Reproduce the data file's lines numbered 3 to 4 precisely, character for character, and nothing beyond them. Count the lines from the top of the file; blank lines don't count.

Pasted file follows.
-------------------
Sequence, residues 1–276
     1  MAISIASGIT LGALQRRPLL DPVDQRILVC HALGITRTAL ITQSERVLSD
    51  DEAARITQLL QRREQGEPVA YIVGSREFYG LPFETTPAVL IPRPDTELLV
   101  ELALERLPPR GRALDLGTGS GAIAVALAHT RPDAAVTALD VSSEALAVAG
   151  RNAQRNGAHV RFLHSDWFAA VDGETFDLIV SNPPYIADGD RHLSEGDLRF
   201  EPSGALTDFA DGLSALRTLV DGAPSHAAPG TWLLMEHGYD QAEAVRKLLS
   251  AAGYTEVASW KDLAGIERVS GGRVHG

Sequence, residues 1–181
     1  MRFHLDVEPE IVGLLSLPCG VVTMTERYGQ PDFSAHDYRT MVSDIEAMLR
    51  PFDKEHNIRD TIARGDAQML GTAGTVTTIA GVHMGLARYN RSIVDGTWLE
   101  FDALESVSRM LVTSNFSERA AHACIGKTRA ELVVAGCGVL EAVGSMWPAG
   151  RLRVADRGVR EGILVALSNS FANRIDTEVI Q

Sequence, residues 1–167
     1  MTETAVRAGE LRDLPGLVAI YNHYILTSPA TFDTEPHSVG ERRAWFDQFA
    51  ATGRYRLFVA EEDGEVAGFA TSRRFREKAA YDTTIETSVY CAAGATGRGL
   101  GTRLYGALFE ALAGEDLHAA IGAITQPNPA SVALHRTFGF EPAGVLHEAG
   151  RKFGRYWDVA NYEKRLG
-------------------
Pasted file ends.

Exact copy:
    51  DEAARITQLL QRREQGEPVA YIVGSREFYG LPFETTPAVL IPRPDTELLV
   101  ELALERLPPR GRALDLGTGS GAIAVALAHT RPDAAVTALD VSSEALAVAG